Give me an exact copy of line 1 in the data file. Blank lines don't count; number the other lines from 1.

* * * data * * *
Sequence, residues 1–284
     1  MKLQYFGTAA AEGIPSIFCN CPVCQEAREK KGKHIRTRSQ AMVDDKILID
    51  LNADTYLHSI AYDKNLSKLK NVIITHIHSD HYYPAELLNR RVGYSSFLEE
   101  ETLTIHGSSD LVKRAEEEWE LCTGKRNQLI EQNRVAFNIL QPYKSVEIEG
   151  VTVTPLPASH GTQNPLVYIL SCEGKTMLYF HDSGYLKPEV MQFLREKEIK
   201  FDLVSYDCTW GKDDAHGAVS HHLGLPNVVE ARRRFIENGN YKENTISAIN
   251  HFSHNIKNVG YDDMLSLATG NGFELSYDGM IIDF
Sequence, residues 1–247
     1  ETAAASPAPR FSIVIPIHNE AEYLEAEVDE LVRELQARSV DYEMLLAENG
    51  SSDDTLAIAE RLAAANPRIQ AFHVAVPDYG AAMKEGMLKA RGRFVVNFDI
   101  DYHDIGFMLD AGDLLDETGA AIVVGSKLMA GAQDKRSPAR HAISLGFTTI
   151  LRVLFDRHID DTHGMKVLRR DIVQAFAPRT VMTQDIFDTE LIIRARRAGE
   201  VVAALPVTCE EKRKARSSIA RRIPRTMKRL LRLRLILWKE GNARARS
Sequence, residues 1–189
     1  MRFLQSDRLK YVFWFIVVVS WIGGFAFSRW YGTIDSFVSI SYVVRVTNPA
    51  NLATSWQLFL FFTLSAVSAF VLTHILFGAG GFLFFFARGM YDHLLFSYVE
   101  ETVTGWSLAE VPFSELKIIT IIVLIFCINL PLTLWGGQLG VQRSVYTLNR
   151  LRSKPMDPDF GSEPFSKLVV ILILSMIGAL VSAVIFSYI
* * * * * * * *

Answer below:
Sequence, residues 1–284